At President Mugabe’s request, the Speaker and the President of the Senate have recalled the House of Assembly and the Senate to sit from Tuesday 7th August, breaking their adjournment which was supposed to last to 3rd September.
Parliamentary Standing Orders permit the presiding officers to take this step at the request of the President if they are satisfied that the public interest so requires. In this case it is to ratify a Chinese Loan for Victoria Falls Airport Upgrading, "and urgent public business," according to the Clerk of Parliament's announcement of the recall late on 3rd August.
He gave no further details.Upgrading of the Victoria Falls airport is necessary ahead of next year’s United Nations World Tourism Organisation Congress.
If the deal was signed in April, it would have been sensible to bring it to Parliament any time since then while Parliament was still sitting, rather than the very costly recall of Parliament, which is a repeat of a similar recall again in May 2011, when a long adjournment was interrupted to allow the Minister of Defence to get Parliamentary approval of a controversial loan agreement between Zimbabwe and China to finance the construction of the National Defence College.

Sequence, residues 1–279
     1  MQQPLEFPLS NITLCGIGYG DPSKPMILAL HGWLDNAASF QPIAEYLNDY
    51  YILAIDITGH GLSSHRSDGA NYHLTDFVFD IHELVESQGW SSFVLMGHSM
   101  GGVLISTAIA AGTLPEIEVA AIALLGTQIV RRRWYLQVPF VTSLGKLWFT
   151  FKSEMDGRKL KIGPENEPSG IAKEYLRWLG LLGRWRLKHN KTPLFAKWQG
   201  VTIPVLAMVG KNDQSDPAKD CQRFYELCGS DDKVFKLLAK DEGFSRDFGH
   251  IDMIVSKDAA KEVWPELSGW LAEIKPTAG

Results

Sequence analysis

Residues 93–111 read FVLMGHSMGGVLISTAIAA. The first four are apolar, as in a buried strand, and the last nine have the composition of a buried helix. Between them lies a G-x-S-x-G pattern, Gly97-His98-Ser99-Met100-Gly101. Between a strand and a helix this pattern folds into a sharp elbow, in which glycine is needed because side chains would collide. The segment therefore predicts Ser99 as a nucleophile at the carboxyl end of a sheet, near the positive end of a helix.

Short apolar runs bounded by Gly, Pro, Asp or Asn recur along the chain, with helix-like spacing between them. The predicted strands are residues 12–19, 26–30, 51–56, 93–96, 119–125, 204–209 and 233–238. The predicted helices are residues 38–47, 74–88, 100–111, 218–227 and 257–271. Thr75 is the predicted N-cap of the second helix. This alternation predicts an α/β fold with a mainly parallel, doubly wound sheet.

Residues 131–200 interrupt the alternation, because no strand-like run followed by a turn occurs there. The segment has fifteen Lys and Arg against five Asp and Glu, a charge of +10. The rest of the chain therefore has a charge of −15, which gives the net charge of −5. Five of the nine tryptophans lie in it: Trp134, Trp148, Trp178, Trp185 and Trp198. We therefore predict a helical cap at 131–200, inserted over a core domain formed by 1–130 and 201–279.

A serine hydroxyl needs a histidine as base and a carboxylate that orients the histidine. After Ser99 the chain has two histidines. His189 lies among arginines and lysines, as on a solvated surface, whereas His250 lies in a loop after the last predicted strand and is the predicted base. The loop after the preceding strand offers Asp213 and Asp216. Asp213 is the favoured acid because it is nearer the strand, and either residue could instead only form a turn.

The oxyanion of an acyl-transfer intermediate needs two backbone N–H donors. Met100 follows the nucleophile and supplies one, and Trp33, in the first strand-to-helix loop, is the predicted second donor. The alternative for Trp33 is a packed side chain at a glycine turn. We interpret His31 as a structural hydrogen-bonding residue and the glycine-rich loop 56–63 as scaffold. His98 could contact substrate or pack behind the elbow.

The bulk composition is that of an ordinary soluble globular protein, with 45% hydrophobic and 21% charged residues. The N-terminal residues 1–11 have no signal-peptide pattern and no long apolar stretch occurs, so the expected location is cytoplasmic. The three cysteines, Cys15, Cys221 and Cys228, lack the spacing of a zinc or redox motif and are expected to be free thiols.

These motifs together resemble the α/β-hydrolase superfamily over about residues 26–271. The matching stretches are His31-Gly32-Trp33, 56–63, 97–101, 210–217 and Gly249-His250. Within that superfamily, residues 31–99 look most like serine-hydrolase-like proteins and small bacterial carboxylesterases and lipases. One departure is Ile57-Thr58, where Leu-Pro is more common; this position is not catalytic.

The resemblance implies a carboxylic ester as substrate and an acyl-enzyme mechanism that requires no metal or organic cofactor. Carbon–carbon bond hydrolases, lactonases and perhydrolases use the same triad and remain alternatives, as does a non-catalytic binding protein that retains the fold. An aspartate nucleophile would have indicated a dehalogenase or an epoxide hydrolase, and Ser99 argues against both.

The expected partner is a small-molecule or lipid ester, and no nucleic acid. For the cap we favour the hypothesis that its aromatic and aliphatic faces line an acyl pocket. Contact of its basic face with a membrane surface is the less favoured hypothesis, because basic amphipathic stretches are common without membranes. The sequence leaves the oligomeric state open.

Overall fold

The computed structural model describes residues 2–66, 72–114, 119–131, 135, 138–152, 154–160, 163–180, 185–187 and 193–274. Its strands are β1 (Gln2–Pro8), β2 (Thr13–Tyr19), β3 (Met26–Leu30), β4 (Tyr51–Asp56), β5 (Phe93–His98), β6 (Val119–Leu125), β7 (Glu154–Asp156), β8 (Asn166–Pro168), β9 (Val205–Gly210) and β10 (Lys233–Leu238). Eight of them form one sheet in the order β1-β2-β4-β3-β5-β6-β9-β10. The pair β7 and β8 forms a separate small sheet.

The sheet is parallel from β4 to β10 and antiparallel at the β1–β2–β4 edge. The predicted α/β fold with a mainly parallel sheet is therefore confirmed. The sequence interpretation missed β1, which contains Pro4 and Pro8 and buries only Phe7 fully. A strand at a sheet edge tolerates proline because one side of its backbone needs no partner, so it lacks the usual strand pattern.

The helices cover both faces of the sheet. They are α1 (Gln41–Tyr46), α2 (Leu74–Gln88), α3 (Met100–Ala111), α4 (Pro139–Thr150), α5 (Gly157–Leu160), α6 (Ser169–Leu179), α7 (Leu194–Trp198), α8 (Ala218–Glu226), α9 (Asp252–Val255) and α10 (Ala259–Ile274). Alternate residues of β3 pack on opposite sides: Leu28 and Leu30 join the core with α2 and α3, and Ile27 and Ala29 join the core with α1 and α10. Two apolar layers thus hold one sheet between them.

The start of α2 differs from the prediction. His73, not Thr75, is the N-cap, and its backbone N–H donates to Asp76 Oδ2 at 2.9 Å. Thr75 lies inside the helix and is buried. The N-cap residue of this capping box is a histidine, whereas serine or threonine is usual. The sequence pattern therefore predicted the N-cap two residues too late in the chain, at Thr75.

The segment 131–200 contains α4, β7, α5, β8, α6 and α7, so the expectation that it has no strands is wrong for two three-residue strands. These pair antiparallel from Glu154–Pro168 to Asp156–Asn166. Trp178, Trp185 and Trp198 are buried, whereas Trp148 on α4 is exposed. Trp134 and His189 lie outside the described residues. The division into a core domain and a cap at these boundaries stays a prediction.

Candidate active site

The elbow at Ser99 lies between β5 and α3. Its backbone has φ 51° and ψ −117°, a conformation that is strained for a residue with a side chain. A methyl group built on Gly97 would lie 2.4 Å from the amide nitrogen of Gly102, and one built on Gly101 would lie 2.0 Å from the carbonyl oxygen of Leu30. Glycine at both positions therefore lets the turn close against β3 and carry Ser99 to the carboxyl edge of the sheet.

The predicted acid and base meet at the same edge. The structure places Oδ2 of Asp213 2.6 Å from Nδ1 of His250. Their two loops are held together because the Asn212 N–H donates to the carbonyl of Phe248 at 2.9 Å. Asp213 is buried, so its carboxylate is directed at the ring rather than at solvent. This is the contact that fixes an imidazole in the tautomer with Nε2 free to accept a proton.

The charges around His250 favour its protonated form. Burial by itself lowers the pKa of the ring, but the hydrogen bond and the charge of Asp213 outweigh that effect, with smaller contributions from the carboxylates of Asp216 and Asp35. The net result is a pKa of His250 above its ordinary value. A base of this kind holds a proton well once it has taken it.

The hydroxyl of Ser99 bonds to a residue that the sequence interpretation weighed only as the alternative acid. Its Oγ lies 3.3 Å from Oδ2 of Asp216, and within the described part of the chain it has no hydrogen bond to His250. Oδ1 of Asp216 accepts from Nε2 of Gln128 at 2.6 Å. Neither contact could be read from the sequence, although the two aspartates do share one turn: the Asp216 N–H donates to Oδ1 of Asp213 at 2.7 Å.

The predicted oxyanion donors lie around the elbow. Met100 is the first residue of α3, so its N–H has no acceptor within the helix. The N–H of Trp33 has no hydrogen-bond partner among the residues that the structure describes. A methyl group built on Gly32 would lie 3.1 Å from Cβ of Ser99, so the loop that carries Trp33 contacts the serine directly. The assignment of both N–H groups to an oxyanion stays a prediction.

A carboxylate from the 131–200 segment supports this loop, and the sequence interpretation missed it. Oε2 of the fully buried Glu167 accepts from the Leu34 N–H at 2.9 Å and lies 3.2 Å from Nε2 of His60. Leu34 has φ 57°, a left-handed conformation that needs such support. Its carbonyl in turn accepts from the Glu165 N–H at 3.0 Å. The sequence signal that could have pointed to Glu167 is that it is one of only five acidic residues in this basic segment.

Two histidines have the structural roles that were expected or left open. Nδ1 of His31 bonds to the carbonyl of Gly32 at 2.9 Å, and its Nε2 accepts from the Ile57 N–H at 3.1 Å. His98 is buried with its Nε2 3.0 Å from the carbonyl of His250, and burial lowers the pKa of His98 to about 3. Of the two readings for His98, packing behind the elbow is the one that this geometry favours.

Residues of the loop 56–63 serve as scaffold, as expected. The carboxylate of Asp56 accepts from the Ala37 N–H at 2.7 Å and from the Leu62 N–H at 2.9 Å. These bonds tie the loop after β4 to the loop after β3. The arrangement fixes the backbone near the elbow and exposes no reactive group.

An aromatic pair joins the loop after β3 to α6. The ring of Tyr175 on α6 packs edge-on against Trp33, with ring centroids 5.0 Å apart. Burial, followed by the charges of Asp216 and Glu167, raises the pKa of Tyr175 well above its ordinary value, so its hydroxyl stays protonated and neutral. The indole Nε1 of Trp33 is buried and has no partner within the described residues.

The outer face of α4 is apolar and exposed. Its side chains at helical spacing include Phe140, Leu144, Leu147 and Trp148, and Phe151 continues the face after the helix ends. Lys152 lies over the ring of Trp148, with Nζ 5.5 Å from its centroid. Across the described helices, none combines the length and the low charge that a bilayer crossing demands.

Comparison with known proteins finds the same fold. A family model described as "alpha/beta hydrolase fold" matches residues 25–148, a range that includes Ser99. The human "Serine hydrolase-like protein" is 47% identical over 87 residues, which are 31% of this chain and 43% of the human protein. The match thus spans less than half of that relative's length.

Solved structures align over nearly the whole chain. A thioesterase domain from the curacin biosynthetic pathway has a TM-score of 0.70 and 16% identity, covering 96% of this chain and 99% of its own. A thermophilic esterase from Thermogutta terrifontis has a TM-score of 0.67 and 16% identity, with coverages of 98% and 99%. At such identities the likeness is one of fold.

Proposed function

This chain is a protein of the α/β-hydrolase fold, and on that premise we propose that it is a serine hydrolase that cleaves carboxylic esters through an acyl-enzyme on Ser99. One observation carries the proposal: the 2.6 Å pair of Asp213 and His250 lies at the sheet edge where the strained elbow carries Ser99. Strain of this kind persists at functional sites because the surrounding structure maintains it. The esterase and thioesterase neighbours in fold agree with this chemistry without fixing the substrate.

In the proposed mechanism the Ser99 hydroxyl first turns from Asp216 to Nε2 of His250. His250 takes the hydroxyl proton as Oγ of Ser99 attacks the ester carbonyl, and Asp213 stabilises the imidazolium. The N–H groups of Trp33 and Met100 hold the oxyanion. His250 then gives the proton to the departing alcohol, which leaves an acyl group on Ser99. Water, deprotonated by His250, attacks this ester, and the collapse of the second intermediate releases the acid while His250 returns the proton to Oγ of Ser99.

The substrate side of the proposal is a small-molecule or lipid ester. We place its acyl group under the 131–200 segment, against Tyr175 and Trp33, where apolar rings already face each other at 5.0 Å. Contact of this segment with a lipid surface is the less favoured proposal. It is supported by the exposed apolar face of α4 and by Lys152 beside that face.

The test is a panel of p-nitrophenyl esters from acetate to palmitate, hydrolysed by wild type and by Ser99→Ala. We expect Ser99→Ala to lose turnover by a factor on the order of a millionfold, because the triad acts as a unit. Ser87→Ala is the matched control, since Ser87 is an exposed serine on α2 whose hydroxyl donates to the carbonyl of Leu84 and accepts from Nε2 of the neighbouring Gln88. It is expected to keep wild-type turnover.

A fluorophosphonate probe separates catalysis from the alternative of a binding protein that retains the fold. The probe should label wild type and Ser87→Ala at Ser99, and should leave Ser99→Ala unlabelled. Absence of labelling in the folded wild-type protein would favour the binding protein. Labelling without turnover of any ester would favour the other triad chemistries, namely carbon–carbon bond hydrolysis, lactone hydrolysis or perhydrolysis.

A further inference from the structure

The recall coincided with a visit to Zimbabwe by a high-level Chinese military delegation. On that occasion MPs from both MDC formations complained that Parliamentarians were being railroaded into rubberstamping a transaction they had not had enough time to consider properly; and there was public outrage over the Government’s handling of the deal. But they still approved the loan.
Although the Clerk of Parliament did not mention what other business Parliament would deal with – it is permitted, by the Standing Orders used to recall Parliament, for the Houses to resume work on outstanding agenda items.
Some outstanding items still on the House of Assembly agenda include:
presentation of the report of the Privileges Committee on the contempt of Parliament charges against Mr Arafas Gwaradzimba;
Hon Sululu’s motion on the need for monitoring Government implementation of Portfolio Committee recommendations;
Hon Zhanda’s motion calling for a Parliamentary investigation into allegations of corruption at the Reserve Bank;
and Hon Musundire’s motion for the scrapping of the present Indigenisation Regulations; as well as “take note” motions for discussion of recent Portfolio Committee reports.
An important issue still to be dealt with in the Senate is the backlog of Parliamentary Legal Committee [PLC] adverse reports on statutory instruments. It would be regrettable to have a repeat of what happened at the end of the Third Session, when adverse reports, including one on an indigenisation SI, lapsed and were not heard of again.
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